Does it involve a QR code you scan?

It does. You scan that. I'm glad you reminded me that I need to explain what the mechanic is.

And that's on the device.

It's on the device, and you scan the code, and it automatically pops into your system because you've scanned the code through your app.

So no like putting it into learning mode, and pressing buttons, and finding identifications from the local manufacturer and manuals?

No. No. It's just too easy.


And with SmartStart, it's actually a functionality that's been enabled with the extension of what we call Security S2, which is a new higher level of encryption that is in every single certified product after April of 2017.

So for all the security gurus or maybe people--

Right. Anybody who's concerned about hacking or even privacy, this is the absolutely gold standard in security in the business.


It completely defeats man in the middle. It's an elliptical curve Diffie-Hellman. I have no idea what that means. But it's--

I don't either.

It's the same encryption that NASA uses. NSA. Not NASA. NSA, national security. Yeah.

Awesome. Cool. Very Cool.

This is Wikileaks proof.

Oh, god. Yeah, that's timely.

So OK. Just to kind of pull it all together here.

OK, good.

So we have 500 chipset Z-Wave Plus. That was the first generation of Z-Wave Plus. Now we're talking about 700 chipsets. The SmartStart and S2--

The Z-Wave Plus, by the way, that 500 gave you extended range from our old 300 series. So you've got much better coverage with fewer devices in the home.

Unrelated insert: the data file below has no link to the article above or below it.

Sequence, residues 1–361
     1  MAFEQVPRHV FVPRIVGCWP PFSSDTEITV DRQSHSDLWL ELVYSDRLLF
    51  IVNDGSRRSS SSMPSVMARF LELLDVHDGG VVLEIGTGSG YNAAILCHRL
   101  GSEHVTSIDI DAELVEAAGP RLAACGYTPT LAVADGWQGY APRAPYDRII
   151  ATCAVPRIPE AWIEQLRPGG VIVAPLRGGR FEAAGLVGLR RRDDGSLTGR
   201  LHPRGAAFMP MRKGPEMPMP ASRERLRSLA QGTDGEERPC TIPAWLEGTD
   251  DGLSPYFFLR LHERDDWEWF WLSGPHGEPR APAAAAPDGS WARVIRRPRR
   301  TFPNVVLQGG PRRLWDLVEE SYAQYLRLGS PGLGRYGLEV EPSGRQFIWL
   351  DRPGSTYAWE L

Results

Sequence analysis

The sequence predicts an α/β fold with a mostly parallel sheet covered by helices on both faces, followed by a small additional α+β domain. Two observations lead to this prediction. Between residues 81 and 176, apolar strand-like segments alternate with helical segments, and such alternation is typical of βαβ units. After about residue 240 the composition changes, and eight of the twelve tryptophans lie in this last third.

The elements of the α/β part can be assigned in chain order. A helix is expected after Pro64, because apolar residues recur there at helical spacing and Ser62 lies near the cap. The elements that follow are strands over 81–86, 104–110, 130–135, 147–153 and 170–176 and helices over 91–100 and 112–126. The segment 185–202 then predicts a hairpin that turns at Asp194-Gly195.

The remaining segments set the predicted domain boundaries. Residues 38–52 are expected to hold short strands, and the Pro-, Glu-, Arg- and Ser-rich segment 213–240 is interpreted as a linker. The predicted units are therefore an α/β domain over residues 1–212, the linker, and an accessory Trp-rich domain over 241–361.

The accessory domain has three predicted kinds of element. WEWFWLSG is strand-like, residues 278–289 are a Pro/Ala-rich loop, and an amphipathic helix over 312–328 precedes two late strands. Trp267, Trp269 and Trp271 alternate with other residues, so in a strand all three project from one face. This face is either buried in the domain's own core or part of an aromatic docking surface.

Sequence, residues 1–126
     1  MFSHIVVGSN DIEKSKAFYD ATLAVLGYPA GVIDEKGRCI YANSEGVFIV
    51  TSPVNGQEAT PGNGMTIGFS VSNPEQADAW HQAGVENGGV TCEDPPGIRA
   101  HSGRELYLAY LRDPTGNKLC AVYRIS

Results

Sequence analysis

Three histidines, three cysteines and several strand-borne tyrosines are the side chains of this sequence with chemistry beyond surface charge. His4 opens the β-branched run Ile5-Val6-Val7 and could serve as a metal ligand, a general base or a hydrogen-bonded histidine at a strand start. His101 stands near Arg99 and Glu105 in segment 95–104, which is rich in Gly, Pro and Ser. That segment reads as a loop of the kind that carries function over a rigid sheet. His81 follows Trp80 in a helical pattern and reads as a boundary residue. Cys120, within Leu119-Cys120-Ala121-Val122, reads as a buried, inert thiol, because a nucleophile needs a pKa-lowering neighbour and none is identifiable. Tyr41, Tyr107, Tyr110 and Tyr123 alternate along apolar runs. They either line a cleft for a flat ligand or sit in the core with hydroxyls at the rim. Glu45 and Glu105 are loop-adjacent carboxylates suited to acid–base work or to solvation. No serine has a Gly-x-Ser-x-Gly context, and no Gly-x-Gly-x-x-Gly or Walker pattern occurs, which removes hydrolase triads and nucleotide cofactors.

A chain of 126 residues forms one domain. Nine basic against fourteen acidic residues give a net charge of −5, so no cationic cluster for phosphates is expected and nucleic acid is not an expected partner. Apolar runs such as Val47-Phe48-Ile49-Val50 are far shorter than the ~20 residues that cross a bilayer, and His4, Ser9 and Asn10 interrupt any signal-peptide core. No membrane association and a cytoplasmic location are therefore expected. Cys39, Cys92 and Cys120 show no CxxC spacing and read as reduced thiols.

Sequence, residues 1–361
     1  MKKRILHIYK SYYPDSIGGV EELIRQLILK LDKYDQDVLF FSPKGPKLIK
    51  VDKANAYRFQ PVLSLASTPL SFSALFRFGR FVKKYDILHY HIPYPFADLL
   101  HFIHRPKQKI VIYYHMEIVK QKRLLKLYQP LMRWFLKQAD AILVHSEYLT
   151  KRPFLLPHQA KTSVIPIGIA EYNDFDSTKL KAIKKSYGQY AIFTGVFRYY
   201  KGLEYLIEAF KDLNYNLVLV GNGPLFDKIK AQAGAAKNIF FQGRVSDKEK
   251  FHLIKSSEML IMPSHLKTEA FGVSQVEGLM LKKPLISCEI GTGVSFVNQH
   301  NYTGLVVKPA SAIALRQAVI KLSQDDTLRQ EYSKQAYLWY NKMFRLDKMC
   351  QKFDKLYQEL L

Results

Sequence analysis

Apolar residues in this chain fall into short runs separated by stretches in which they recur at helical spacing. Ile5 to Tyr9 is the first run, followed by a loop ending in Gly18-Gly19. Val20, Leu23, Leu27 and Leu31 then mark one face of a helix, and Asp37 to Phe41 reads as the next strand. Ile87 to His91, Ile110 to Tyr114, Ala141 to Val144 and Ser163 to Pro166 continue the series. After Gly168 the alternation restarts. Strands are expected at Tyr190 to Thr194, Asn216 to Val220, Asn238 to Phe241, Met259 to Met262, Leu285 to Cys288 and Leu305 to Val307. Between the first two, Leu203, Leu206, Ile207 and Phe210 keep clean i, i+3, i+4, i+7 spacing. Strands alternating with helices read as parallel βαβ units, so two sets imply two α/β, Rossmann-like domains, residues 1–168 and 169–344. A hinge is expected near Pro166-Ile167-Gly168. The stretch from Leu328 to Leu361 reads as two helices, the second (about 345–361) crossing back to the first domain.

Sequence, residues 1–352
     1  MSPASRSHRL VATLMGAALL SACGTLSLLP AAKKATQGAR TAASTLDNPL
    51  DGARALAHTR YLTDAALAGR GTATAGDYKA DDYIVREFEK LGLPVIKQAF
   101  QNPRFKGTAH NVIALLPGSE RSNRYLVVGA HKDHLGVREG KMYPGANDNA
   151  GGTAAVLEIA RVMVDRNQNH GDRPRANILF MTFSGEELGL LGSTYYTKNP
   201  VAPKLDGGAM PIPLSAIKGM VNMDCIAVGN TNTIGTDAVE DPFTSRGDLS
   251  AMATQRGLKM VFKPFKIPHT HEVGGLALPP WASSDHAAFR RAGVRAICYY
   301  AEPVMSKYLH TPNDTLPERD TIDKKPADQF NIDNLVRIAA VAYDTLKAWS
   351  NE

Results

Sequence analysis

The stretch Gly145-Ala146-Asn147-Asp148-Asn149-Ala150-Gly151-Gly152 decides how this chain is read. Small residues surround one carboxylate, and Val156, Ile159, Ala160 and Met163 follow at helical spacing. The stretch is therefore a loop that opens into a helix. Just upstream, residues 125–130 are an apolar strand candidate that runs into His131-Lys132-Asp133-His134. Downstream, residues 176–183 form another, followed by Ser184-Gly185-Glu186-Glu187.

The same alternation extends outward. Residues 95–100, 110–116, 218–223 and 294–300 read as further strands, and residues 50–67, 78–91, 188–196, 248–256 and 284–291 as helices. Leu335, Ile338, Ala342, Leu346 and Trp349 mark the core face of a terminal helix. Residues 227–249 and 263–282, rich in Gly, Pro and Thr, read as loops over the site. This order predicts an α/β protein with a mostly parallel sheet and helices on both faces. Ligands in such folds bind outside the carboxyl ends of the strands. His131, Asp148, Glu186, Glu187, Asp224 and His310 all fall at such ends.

Because as you know--

It's a longrange device-device.

It's a mesh network.


But yeah, longer range device to device. So that was the key benefit in that Z-Wave Plus upgrade. And now we've layered on the S2, which is also in the 500 series. And now with this 700, it's mandated to have SmartStart as well as S2.

So SmartStart and S2 were features that technically can operate and function in the 500 space?

They can. They can.

But it wasn't necessarily mandated.

Right. But because of the extra headroom in this new chip, it makes it really easy. And you're not using up application layer--


Memory order to accommodate those features. So now there's plenty. Plenty available for everything.

Cool. So yeah. We are going to wrap up here. We can show incredible the world of Z-Wave. And how many different brands of kind of--

There is actually. That's off. There's over 2,700 different interoperable devices. Everything from door locks to thermostats. To well, you know what the products are. We've even got a mouse trap. Yeah.

Yeah. So I mean, as far as our model goes at AlarmGrid, we've very much stayed position in the door window-- excuse me.

Lights, Locks and thermostats.

Lights, thermostats, maybe even water valves, couple of sirens here and there. So I think what we'll be looking to see and be excited for is looking into the medical kind of wellness space.

Sure. In the wellness space. I think that's going to be a huge growth opportunity. And a value add that you can sell to your customer when you're in there. And again, that stickiness of the service I think is a very important.

So allowing maybe elderly parents to stay in their homes longer. Lower costs until it really gets to the point where you do have to put them in some sort of assisted living. But In that middle area where--

And here's the trick. We're actually talking to those assisted living places so they can incorporate some of this smart technology maybe to reduce the price of taking care of mom when she actually does have to go there.

Very cool. All right. Well, Mary, it's been an absolute pleasure.

OK. You too, Frank.

Thank you very much for taking time.

Thanks so much. Appreciate it.

Yeah. This is Silicon Labs. The parent company of Z-Wave. So we'll talk to you guys later.